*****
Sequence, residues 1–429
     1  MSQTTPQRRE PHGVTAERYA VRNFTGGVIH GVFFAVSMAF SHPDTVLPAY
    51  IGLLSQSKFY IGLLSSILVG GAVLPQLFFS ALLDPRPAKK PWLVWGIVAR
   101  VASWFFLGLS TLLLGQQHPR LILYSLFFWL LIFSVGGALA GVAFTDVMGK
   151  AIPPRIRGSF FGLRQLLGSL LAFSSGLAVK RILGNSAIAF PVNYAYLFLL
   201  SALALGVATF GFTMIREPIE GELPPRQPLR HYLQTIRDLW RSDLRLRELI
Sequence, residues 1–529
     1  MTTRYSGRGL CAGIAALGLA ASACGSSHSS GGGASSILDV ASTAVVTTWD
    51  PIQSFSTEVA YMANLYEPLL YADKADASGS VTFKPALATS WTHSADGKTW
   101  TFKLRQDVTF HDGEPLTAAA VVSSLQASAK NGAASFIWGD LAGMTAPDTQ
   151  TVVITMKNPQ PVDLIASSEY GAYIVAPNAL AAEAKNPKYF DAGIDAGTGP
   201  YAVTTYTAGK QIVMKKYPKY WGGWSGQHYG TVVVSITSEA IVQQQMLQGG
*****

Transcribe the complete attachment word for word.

Sequence, residues 1–429
     1  MSQTTPQRRE PHGVTAERYA VRNFTGGVIH GVFFAVSMAF SHPDTVLPAY
    51  IGLLSQSKFY IGLLSSILVG GAVLPQLFFS ALLDPRPAKK PWLVWGIVAR
   101  VASWFFLGLS TLLLGQQHPR LILYSLFFWL LIFSVGGALA GVAFTDVMGK
   151  AIPPRIRGSF FGLRQLLGSL LAFSSGLAVK RILGNSAIAF PVNYAYLFLL
   201  SALALGVATF GFTMIREPIE GELPPRQPLR HYLQTIRDLW RSDLRLRELI
Sequence, residues 1–529
     1  MTTRYSGRGL CAGIAALGLA ASACGSSHSS GGGASSILDV ASTAVVTTWD
    51  PIQSFSTEVA YMANLYEPLL YADKADASGS VTFKPALATS WTHSADGKTW
   101  TFKLRQDVTF HDGEPLTAAA VVSSLQASAK NGAASFIWGD LAGMTAPDTQ
   151  TVVITMKNPQ PVDLIASSEY GAYIVAPNAL AAEAKNPKYF DAGIDAGTGP
   201  YAVTTYTAGK QIVMKKYPKY WGGWSGQHYG TVVVSITSEA IVQQQMLQGG